ELIZABETHTOWN — The future of migratory fish spawning for species like sturgeon, American shad, striped bass and river herring was the focus of a presentation before Bladen County commissioners on Monday.
Dawn York, a biologist with Dial Cordy & Associates, gave the board an update on the Lock and Dam Fish Project, which centers around the trio of William O. Huske Lock and Dams on the Cape Fear River in Bladen County.
This project is important to southeastern North Carolina,” York said. “The lock and dams are been determined to be the most critical project” along the river by a group of 31 organizations that have banded together to create the Cape Fear River Action Plan.
She added that $20 million in grants have been acquired for the projects for all three lock and dams in Bladen County — with about two-thirds of the funding to cover the costs for design and engineering work, biological monitoring and permitting costs; the remaining money will be used for construction.
York was joined in the presentation by Frank Yelverton, formerly a biologist with the Corps of Engineers who is now with the Cape Fear River Watch group. He pointed to the fish passage project at Lock and Dam No. 1, which was finished in 2012, and said it has been successful in allowing fish to move upstream.
But he also told the commissioners there is still a long way to go.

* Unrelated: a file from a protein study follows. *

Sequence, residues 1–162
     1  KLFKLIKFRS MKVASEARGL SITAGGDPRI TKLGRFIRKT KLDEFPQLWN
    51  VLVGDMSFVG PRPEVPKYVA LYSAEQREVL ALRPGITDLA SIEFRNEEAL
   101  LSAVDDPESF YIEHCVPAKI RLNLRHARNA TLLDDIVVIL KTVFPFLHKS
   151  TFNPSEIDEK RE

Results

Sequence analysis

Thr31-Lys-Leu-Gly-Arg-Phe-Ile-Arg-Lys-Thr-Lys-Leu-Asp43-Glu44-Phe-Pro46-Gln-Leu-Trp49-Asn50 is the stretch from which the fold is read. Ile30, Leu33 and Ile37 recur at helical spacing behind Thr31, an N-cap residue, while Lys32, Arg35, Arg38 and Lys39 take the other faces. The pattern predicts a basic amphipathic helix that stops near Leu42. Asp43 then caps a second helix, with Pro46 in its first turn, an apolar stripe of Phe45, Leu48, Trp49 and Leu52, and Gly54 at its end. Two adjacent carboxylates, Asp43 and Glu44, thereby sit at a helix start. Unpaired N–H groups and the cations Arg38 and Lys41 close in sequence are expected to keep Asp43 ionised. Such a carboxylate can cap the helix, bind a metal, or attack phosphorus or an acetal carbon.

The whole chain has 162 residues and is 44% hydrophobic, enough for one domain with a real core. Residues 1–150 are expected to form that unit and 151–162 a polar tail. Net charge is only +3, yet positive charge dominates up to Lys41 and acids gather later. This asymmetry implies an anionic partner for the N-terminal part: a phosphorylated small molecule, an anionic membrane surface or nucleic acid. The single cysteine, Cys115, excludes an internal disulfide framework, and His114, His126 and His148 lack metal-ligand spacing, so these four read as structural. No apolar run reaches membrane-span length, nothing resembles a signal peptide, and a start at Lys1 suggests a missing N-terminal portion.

“We’re trying to get the migratory fish populations back up to historic levels where they were at the turn of the century,” Yelverton said. “Right now, the fish population is only about 10 percent of what they were historically.”
The continued effort to improve the fish populations includes a plan at both Lock and Dam No. 2 and No. 3 to create improved fish passage through the use of rock rapids, as well as wider gaps and deeper pools.
The Corps of Engineers is getting ready to begin a disposition study to determine the best plan for the Cape Fear River Lock and Dam System — and might include the removal of the lock and dam system — but Yelverton added that it seemed unlikely that would happen. He said the study could take between 12 and 18 months.
In other business, the board:
— Approved a request from Kip McClary to award a bid to Axel McPherson Construction of Whiteville for the installation of generators at four county well locations. The bid totaled $287,026.50 and will be paid for through a Golden LEAF grant.
— Heard from County Manager Greg Martin about a an opioid grant opportunity through the UNC School of Medicine and Blue Cross/Blue Shield for 10 counties, each of which could receive $20,000. An application is due by April 6.
— County Chairman Ray Britt emphasized the importance of the next census for Bladen County, saying that each resident of the county “means multiple thousands of dollars for the county” in federal funding. He said the next county will be started in April 2020.
— Recognized two employees on their retirements that became effective March 1. They were: Bernadine Davis, a DSS case worker since 2008; and Rita Lassiter, who began in 1989 and retired as a DSS supervisor.
The next meeting of the county board will be Monday at 6:30 p.m.
W. Curt Vincent can be reached at 910-862-4163 or firstname.lastname@example.org.